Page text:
Phil Fish is Probably Not Racist

Please wait...

Published by Jim Sterling 6 years ago , last updated 1 month ago

(This is another edition of , a weekly opinion piece column on GameFront. Check back every week for more. The opinions expressed are those of the author, and do not reflect those of GameFront.)

Yesterday, reviews for FEZ went live across the Internet, my own Destructoid review among them. Critical acclaim has been practically universal, and with good reason. FEZ is a brilliant little game, full of ingenious level design, tastefully appropriated ideas, and a sense of character and charm that makes me smile every time I think about it. Unfortunately, however, discussion concerning FEZ has been dominated not by the qualities of the game, but the qualities of its creator, one Phil Fish.

After years of quietly plugging away on his game (it was announced in 2007, after all), Fish put his foot in it by telling a Japanese developer at GDC, “All your games just suck now.” The shortcomings of the Japanese game development scene are nothing new, but Fish’s harsh tone and the fact he potentially embarrassed a peer during a conference panel had Fish marked from the start. In dealing with the resulting abuse, he was less than courteous, but that’s neither here nor there. The prevailing question that seems to come up, and overwhelmed the comment thread in my review among several others, was whether or not Fish should be considered “racist” for what he said. To which I say, don’t be silly. Perhaps behind closed doors, he IS some sort of terrible fascist sympathizer, though it’s doubtful. As far as what he actually said? No, that’s not racist.

What Fish said about Japanese games was, as far as I’m concerned, wrong. As in, factually incorrect, and potentially ignorant. He claims to dislike all modern Japanese games, whereas I think there have been examples of fantastic ones in recent times. Demon’s Souls and Dark Souls stand out as particular highlights, while I can’t say enough good things about Xenoblade Chronicles, which recently released in North America. He couldn’t possibly have played every game in Japan to determined their quality. There are many great Japanese games still being made, and we could waste a whole column talking about those, but that’s not the point. Regardless of whether he’s right or wrong, Fish isn’t racist for saying what he said. For a start, he echoed what many Japanese developers themselves have said about their country’s recent efforts. He simply stated it in a less diplomatic way. Second, there’s no denying that the East/West divide is a product of our own culture, and if Fish is racist for singling out Japanese games, then we’re all racist.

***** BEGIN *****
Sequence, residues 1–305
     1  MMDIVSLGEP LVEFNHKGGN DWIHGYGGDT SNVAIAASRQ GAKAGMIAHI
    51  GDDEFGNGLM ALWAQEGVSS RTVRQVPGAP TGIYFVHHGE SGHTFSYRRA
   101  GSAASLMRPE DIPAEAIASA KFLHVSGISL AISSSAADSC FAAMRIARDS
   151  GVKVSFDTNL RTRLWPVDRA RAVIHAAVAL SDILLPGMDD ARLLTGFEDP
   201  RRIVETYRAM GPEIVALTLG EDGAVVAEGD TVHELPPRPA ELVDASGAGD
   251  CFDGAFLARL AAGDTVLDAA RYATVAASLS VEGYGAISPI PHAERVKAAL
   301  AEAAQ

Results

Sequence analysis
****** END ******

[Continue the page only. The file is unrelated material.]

After all, how many of you reading this have used the term, “JRPG” (Japanese Role-Playing Game) before? How many of you have noted “Japanese influences” in certain games? I’m sure some of you have even gone to Japan and noticed just how different their entertainment is compared to ours. The sense of humor, the pop culture references, the social sensibilities, they’re all very different, and those differences are impossible to keep out of the videogames. We’ve always distinguished between Japanese and Western games, and you can break those two wide categories down even further. It’s not hard to at least guess at a game’s home country by simply playing it.

It’s a fact that Japanese games have their own unique flavor and personality, influenced by their culture and history. It’s the same for British games. Titles like Dungeon Keeper and Worms could only have come from Britain, where a sense of dark humor is ingrained into the national identity. You can fairly easily recognize games from Eastern Europe, games such as S.T.A.L.K.E.R and Cryostasis, with their focus on isolation, desolation and survival presented in slightly rough packages that make the best of their budgets. Likewise, American games focus on action and high production values, aping the Hollywood blockbusters that so much of the culture revolves around. There are anomalies of course, and plenty of developers who act outside of the norm, but the core stable of high profile games aren’t difficult to pinpoint by region.

Japanese games, like games from all regions, have their own dominant style, and it’s a style that Fish hates. He didn’t remark on Asians as a race, and he didn’t criticize Japan as a country. His biggest crime was presenting his opinion as a total, all-encompassing, unquestioned fact. That was silly and, as I’ve said, incorrect.

Personally, I’ve come to prefer Western RPGs over Japanese ones of late. I used to adore Japanese role-playing games, but they’ve come to rely on some really awful character tropes and misguided attempts to renovate the genre’s established gameplay, especially the drek trotted about by tri-Ace. If it wasn’t for Xenoblade, I fear my love of console JRPGs would have completely died along with the part of my soul that Infinite Undiscovery murdered. I don’t think I’m prejudiced for that, I’ve just come to prefer the gameplay style popularized by one region over another. Perhaps later, the scales will shift back in favor of JRPGs, who knows? There are plenty of gamers who hate titles like Skyrim and will take Final Fantasy any day of the week. Doesn’t make them “race traitors” or anything silly like that.

As far as Fish goes, he might be an asshole. I don’t know the guy, though I’ve spoken to some who have met him and they say he’s a perfectly nice chap, albeit one who could do with more of an internal censor. If people wish not to buy the game because they don’t like the maker, that’s within their right to do so, of course. All I know about him is that he makes a damn fine game, and that he’s probably not racist.

Comments on this Article

There are no comments yet. Be the first!